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January-March 2007

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2007 APCUG Annual Conference Notes
By Chuck Davis, Editor & Webmaster
Sun City Anthem Computer Club, Las Vegas, Nevada

The past week has been a busy, and satisfying period. It all began with a cool and airy drive in my Miata to the Riviera Hotel and Casino early Friday morning, January 5. Of course the top was down! What else? It was reasonably comfortable with a hat, and my ADOBE jacket that I had been the lucky winner of at last year’s conference. The conference concluded with Sunday’s breakfast; calories were available in great abundance at all meals.


Everywhere you look there are hoards of volunteers that make things happen for others: here in our community, in our Computer Club, and the men and women that make the Association of Personal Computer Users Group (APCUG) a success. Within APCUG is another small group that made the 2007 APCUG Annual Conference an outstanding event. I thank them all.

Thanks to these Annual Sponsors for their past and future support: Corel, Microsoft, CompUSA, and Grisoft.

Friday, January 5

Breakfast was sponsored by Grisoft. Grisoft is based in the Czech Republic. James Gildea, VP, North American Market, made an excellent presentation on their company’s products and market thrust. They were the first to offer free antivirus and anti-spyware protection from Windows Security Center in Windows Vista. Both of these free products update automatically and run on your current operating system.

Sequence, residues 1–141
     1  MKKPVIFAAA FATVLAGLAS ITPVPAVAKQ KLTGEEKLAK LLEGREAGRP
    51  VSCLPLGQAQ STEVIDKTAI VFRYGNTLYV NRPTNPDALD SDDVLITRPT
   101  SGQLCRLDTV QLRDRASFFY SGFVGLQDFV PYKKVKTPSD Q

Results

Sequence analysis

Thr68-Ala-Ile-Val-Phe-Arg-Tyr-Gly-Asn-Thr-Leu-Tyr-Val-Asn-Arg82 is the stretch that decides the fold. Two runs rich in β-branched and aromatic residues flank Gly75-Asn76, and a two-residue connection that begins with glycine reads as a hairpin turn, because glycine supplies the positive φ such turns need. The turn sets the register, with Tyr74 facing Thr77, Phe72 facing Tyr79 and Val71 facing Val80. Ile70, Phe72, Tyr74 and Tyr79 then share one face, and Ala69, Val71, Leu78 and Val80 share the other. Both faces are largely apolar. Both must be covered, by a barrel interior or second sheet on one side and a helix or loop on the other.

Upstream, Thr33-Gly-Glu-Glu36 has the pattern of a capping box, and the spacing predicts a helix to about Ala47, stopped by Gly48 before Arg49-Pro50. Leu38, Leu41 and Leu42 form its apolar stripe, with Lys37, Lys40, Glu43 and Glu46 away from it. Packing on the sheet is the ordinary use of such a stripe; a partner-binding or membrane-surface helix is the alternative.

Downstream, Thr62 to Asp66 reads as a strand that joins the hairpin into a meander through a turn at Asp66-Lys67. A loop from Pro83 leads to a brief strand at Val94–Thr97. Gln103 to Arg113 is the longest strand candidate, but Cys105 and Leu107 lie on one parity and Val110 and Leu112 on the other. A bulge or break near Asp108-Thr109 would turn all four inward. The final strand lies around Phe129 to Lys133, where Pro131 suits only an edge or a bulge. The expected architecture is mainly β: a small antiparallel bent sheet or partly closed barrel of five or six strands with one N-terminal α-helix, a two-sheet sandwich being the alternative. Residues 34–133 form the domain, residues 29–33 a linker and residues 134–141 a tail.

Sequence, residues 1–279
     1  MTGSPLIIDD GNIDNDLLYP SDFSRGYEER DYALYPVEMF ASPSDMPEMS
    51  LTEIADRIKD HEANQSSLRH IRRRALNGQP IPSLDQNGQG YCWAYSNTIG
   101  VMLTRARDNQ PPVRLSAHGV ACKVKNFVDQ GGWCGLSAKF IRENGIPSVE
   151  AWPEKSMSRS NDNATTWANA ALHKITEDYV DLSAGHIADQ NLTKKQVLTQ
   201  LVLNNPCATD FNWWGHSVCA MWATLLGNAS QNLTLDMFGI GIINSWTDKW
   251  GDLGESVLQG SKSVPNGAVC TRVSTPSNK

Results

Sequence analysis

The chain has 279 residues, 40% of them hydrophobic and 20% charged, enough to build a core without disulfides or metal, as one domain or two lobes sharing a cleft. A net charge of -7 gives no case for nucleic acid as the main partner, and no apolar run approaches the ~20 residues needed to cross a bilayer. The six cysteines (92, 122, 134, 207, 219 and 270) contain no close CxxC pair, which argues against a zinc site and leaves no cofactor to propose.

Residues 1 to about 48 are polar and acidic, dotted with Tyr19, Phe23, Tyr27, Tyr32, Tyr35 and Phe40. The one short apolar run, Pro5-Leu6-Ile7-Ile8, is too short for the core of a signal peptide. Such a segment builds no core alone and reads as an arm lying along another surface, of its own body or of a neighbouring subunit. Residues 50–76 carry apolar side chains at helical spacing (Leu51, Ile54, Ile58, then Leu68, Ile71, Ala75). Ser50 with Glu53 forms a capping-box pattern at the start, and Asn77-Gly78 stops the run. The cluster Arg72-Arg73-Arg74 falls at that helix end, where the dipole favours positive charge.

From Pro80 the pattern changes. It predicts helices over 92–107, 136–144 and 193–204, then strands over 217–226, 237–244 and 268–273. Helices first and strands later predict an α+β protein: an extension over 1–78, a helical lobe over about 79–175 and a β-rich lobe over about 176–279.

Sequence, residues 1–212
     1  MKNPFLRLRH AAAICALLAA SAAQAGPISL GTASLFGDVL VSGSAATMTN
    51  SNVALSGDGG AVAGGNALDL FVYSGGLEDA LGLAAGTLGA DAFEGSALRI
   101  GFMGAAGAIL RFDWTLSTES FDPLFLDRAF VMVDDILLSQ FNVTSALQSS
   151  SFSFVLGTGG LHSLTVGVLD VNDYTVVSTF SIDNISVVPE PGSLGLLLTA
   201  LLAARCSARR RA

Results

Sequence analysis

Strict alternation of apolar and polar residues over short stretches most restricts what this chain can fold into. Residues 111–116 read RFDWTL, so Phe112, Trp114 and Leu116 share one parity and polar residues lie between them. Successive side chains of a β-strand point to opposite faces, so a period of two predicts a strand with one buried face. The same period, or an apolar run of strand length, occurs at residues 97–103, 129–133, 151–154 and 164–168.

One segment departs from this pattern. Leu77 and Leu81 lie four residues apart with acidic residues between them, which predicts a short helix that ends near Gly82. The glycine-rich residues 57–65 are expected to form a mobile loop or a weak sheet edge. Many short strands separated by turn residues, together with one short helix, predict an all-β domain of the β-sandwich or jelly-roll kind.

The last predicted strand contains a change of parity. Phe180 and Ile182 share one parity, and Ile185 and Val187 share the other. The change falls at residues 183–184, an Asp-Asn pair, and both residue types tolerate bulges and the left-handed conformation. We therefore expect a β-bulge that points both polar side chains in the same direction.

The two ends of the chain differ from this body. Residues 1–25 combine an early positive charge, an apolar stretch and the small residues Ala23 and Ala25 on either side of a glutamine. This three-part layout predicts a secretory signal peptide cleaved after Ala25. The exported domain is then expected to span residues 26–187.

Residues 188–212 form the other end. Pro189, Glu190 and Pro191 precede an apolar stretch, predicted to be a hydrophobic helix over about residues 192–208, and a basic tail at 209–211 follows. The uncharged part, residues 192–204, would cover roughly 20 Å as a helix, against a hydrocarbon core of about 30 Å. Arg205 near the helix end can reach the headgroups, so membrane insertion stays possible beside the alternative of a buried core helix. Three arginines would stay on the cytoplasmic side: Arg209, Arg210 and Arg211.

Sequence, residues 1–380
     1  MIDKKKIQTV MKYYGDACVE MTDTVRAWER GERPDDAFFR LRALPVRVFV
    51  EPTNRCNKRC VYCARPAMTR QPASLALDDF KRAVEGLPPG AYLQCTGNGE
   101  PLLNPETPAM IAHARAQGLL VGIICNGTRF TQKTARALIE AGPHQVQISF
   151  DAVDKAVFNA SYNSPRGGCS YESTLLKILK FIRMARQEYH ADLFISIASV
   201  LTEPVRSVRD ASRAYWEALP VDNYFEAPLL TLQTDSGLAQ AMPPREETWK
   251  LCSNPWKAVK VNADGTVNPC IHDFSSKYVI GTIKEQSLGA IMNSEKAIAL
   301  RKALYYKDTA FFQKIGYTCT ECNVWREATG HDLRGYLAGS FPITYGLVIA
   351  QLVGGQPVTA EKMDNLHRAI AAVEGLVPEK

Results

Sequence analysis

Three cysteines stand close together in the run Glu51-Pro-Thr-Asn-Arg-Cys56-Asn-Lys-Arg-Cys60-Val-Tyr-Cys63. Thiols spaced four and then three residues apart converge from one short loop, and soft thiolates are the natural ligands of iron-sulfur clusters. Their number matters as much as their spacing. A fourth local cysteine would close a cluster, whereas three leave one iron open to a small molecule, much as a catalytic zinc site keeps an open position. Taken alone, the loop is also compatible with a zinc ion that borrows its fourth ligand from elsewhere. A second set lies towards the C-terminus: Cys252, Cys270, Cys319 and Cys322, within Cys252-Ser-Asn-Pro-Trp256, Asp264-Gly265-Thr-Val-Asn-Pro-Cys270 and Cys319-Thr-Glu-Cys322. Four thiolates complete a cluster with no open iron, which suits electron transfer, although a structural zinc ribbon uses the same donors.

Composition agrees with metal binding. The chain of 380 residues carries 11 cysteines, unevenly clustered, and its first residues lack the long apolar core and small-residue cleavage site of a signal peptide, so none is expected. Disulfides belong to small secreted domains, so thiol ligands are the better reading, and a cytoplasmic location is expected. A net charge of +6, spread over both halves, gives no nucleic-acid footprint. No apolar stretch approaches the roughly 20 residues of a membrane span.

There were eight Educational Sessions offered that morning. I attended those sessions that I felt would provide the background for articles in future editions of our newsletter. The Friday morning sessions that I attended were:

“Hackers are Changing the Face of ID Theft,” presented by Elaine Bryskar. She discussed the decline of virus infections over the past two years, and the greater threats to our personal information through pretexting, child ID theft, medical ID theft, phishing, cyberstalking, and more. She stated that Symantec reported “more than 59 million (cyberassault) attempts came from North America alone during the previous 24 hours of monitoring.” She emphasized the importance of being aware of our computer’s exposure and to be proactive in your preventive measures.

“Record Practically Anything that Streams,” presented by Leslie Bee and Debbie McCormick. The products demonstrated were Replay A/V, Replay Music, and Replay Screencast. Replay A/V is used to save all types of online media. You can record almost any streaming audio and video instantaneously.

Replay Music is a unique streaming music recorder that captures MP3 files from any streaming source.

Replay Screencast is an easy way to capture whatever you see on your monitor’s screen and turn it into a video file.